What are some tips for discussing erectile functions with your doctor?

Dr. Mehmet Oz, MD
Cardiology (Cardiovascular Disease)
Guys will make sure to have their oil changed every 3,000 miles in their car, but will put off fixing their erectile dysfunction (ED) because they are embarrassed or too proud. My advice? Get over it. Here are some tips to help you get the most from your talk with your doctor:
  • Be honest. Don't hold back any information (no matter how small or personal) that your doctor may need to help you.
  • Relax. You might feel embarrassed, but erectile problems are very common.
  • Describe your feelings. Let your doctor know how your erectile problems are impacting your life.
  • Be patient. ED is treatable, but it may take time.
  • Keep an open mind. Your doctor may suggest a variety of treatment options, so don't rule out any of them out of hand because they sound unmanly or weird.
Dr. Michael Roizen, MD
Internal Medicine
It used to be that anything involving the penis caused embarrassment—buying condoms, talking about erection problems, open zippers. But penises should be like any other part of your body: If you've got a problem that can't be fixed with an aspirin, a Band-Aid, or an ice pack, then you ought to seek some attention. At your visit, you can expect a thorough exam, which is the only way to get to the bottom of erectile issues. Here's what you'll do:
  1. Describe the problem. The more details, the better. Describe if you have any hardness and for how long, and exactly how long you've been experiencing issues. The more the doctor knows, the better he can help.
  2. Talk about your mindset. A doctor will want to explore some psychological issues, so speak up about any stresses or changes in your personal life. They may be subconscious contributors.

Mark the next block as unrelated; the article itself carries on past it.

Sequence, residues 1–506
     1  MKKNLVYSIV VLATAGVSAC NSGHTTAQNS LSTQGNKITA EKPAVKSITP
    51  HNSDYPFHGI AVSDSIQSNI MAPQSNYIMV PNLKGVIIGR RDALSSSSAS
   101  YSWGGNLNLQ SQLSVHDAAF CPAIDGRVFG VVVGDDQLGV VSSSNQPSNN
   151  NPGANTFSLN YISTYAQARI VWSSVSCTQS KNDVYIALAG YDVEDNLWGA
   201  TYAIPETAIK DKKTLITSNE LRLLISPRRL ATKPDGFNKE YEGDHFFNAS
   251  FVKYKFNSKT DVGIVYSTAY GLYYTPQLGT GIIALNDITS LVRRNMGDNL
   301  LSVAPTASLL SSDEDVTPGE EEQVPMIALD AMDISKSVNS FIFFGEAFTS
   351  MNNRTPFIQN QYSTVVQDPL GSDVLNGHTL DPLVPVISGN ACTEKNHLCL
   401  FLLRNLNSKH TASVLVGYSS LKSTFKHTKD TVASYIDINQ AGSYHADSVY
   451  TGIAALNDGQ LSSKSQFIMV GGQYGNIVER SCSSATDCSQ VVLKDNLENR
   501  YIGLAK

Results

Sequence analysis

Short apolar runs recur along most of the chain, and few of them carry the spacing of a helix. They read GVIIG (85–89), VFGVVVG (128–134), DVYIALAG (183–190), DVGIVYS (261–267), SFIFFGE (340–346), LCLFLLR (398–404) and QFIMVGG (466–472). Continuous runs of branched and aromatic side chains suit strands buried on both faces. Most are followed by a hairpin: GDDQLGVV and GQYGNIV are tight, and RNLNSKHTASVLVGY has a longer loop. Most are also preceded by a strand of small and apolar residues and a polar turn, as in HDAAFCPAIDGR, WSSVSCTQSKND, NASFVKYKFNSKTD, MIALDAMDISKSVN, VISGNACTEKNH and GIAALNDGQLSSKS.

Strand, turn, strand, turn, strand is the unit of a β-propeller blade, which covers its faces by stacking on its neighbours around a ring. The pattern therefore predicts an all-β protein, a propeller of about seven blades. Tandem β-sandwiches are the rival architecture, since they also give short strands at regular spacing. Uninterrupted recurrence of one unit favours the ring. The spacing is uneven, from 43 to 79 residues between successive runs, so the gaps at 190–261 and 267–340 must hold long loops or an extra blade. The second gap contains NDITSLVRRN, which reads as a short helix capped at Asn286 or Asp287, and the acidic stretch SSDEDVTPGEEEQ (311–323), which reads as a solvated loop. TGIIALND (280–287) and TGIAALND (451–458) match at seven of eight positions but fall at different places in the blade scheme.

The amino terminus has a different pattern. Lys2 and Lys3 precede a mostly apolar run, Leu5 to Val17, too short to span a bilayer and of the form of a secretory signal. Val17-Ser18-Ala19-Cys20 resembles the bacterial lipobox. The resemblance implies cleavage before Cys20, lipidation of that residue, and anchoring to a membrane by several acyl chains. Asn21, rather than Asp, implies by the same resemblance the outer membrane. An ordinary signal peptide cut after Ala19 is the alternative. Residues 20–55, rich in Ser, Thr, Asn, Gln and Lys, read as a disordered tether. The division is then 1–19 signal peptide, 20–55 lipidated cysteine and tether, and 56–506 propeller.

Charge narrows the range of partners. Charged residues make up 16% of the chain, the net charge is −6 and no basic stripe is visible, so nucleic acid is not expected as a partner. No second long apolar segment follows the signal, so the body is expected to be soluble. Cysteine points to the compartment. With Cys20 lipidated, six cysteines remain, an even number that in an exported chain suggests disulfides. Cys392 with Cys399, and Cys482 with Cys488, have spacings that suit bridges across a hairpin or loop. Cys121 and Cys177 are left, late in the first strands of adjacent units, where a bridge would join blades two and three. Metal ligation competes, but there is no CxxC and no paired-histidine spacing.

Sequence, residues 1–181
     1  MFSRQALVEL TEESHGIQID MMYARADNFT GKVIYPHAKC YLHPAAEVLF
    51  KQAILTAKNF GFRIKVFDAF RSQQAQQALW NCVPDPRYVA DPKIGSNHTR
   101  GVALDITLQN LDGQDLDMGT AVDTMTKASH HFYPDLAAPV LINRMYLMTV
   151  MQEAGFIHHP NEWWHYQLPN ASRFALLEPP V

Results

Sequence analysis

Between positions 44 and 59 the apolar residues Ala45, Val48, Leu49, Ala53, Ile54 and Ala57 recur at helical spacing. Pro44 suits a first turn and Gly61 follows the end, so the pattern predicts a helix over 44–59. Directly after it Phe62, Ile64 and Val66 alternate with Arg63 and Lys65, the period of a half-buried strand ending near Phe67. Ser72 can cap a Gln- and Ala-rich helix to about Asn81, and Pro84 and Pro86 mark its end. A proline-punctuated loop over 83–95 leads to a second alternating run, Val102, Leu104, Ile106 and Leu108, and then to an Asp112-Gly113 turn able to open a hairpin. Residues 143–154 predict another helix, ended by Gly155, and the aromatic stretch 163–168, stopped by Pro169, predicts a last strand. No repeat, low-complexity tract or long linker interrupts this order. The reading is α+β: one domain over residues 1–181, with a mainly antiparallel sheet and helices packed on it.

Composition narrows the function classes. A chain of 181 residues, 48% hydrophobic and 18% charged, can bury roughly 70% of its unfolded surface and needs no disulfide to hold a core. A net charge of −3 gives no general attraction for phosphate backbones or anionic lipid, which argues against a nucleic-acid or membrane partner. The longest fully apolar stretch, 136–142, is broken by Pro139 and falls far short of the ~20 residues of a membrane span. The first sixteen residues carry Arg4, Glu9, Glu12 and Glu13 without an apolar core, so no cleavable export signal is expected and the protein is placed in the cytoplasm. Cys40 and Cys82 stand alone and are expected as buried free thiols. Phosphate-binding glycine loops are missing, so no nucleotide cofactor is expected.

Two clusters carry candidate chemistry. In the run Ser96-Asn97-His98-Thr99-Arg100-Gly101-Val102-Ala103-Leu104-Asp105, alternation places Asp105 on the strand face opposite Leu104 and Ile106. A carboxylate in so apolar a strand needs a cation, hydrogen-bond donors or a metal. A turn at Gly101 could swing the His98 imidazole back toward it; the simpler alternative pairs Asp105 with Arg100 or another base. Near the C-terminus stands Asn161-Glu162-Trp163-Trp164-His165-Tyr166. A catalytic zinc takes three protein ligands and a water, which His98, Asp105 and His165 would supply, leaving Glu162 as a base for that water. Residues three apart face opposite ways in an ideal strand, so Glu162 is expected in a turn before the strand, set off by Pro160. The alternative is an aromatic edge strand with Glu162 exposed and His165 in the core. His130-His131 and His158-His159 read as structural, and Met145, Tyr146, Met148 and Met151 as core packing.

3. Give your full medical history. As you've seen, a penis problem isn't just a penis problem. A doctor needs to know everything so he can see what risk factors may be playing a role. You tell the story; let him connect the dots.
  4. Go through a physical exam. A doctor will do a visual once-over to see if you have any medical abnormalities that can cause erectile dysfunction, like small testicles or a curved penis, as well as check blood-vessel pulses as an indication of vascular disease.
  5. Have a lab test. He'll check important numbers like LDL and HDL cholesterol, triglycerides, glucose, TSH, DHEA, and testosterone to get a better picture of the underlying cause.
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Important: This content reflects information from various individuals and organizations and may offer alternative or opposing points of view. It should not be used for medical advice, diagnosis or treatment. As always, you should consult with your healthcare provider about your specific health needs.